ALL ON A FIFTH OF NOVEMBER
The children ran through the garden entrance unobserved, and had just got their outdoor things off when the tea-bell rang.
When Alec, Frank, and Molly entered the drawing-room, where their parents were in readiness, for the great annual frolic with Father, they didn't tumble in as was their usual habit; they walked in sedately. They had something important to say.
" Truly, Daddy, how old are you ?" asked Molly, running up to him. She wouldn't be hushed down by the boys. She felt she wanted to make sure of what she already knew.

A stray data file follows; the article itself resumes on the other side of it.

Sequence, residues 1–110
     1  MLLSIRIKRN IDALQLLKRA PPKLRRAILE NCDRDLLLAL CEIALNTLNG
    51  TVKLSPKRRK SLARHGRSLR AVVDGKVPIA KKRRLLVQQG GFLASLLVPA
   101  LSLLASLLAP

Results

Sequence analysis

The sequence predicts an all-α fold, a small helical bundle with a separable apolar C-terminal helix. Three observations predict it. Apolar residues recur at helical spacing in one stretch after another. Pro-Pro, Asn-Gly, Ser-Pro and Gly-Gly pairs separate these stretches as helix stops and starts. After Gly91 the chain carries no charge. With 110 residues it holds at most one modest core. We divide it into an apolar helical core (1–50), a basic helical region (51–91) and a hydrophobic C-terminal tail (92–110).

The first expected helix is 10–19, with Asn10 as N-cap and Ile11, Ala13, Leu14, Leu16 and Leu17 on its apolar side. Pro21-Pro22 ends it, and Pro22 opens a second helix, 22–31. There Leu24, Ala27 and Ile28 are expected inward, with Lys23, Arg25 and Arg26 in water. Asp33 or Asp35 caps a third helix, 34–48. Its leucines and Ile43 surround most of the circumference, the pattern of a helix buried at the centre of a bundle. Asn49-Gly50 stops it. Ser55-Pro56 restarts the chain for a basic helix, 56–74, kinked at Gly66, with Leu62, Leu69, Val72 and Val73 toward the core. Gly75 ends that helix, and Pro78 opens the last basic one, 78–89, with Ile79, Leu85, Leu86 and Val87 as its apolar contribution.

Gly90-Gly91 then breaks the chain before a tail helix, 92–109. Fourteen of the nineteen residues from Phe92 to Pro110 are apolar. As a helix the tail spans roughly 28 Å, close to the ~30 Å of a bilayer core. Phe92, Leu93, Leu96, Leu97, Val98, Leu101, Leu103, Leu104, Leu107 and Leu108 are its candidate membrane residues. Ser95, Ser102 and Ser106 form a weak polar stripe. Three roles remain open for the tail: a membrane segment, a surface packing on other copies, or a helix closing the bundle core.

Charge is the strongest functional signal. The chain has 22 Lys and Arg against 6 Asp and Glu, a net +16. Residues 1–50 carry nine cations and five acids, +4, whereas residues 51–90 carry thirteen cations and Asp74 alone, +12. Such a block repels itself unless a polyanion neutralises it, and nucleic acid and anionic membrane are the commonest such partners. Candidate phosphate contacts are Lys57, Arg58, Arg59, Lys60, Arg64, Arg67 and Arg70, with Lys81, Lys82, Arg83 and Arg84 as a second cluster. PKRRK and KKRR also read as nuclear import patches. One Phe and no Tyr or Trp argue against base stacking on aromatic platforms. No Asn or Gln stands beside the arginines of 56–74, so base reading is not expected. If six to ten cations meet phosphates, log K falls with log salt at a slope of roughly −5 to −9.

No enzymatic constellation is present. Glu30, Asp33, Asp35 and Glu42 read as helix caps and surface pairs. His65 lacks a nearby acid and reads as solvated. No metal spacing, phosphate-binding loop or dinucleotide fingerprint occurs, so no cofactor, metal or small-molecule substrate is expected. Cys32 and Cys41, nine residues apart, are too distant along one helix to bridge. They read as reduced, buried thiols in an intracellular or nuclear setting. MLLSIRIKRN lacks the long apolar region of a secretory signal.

" I told you I was twenty-one, of course ! One always expects such a nice lot of presents when one is twenty-one! But you two young rascals evidently think I really must be a very old man of forty at least!" he replied, smiling.
" And does he never grow older, Mummy ? "
" I don't see it, Molly darling."
" Do you ever see the Times, boys ?" he inquired.
" That's just what's so queer," said Alec. " I've got it here." Alec noticed the glance which his parents exchanged, and their expression of astonishment when Frank remarked—